The SHA rejects the concept that an ageing population results in unacceptably high costs. We are proud to have an increasing number of older people whom we value. Older people have falling mortality, less morbidity, and are more economically active than before. Some forms of disability are postponed to later years. Increased life expectancy means more years lived in good health.

Older people contribute almost £40 billion more to the UK economy annually than they receive in state pensions, welfare and health services. It is not age but nearness to death that accounts for health expenditure. Most acute medical care costs occur in the final months of life, the age at which these occur having little effect. According  to European research, health expenditure on older age groups is high because a larger percentage of people in those age cohorts die within a short period of time.

The SHA therefore wishes to see an evidence-based discussion on policies for a healthy ageing population, as part of developing the National Health and Care Service.

Discussion document on Primary And Community Care And The Myth Of The Demographic Time-Bomb


Mental Health services see demand increasing by 5-10% for adults over the last 3-4 years, and by 30-40% for children and young people. There are delays accessing care partly because of worsening shortages of staff.

The SHA recognises that societal factors impact on mental wellbeing and illness. These include social deprivation, debt, poor accommodation and security of tenure, inadequate community and family support networks. Socio-economic inequalities have independent impacts: being judged socially inferior has negative effects on physical and mental health, even for those illnesses with a genetic component. We need to promote a social model of care rather the narrow medical model which is particularly unsuited to mental health and addiction services.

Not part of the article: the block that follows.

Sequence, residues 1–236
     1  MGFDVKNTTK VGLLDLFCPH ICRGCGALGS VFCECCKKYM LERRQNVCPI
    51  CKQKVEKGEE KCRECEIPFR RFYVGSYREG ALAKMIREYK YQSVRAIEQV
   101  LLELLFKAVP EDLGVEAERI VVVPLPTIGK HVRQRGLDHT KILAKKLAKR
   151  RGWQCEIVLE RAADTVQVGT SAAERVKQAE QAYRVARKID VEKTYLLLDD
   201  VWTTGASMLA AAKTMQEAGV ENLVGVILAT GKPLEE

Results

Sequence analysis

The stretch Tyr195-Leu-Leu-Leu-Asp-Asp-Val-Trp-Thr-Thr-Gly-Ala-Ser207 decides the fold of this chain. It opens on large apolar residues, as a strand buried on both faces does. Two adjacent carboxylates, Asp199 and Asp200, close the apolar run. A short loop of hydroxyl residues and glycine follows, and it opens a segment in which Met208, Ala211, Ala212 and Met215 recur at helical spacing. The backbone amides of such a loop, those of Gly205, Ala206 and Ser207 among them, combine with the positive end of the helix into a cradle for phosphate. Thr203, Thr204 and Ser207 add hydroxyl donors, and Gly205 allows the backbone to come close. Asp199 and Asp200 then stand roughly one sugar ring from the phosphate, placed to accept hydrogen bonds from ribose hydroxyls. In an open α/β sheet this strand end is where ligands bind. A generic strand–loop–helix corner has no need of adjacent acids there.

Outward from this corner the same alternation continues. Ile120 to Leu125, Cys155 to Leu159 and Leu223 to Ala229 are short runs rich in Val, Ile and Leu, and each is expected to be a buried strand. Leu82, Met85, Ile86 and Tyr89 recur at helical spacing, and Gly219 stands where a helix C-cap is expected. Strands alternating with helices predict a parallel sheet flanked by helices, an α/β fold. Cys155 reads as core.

The SHA supports implementation of the Five Year Forward View for Mental Health, including parity of funding for prevention and treatment, research into treatments and alternatives to medication, with funding for related social care. We support the Manifesto’s ring fenced mental health budget.

We also recommend:

  1. A National Service Framework for Mental Health provision, with an emphasis on talking therapies and advocacy.

  2. Enhanced mental health services for children and young people, including school-based prevention with more school nurses and health visitors, ready access to CAMHS and better and more inpatient provision.

  3. A strategy for reduction of excess mortality rates for people with serious mental illness including suicide prevention strategies, with improved provision for acute MH emergencies including supporting friends and families. 

  4. Reducing stigma with more information about mental illness,how to self help and early intervention.

Discussion document on Mental Health Policy


The SHA recommends a commitment to responding not only to needs as defined by clinicians, but needs as defined by users, carers and citizens. We see the process as a meeting of experts: the NHS offers its clinical expertise, while the patient is an expert on their own strengths and the impact of ill-health.

Working with NHS users applies at a macro level (planning local and national NHS services in collaboration with citizens and users) and at an individual level in the consultation between patient and clinician with shared decision-making. The community can, with help, identify key issues that matter to them and work with the statutory sector to address those issues – this process protects health. Community development is one key mechanism.

We would like to see a totally independent patient- and public-led and adequately funded Community Health Council type system.

Discussion document on the Organisation Of Health And Care Services


The NHS and social care are dependent on overseas labour. We would like to see recruitment and employment of staff from the EU and other countries allowed. We want Labour’s policy on Brexit to focus on the economy and free movement.

EU law includes measures to achieve equivalence of labour, health and safety standards in its trade agreements with countries such as Vietnam and Peru. The European Court of Justice has consistently emphasised a high level of human health in its judgements and it is notable that in its negotiating position on the Transatlantic Trade and Investment Partnership, the European Union was arguing for a judicial model of dispute resolution. There is a real danger that these protections will be lost through Brexit. Indeed, the main justification for many of those advocating Brexit is to remove these protections.

Discussion document on International Trade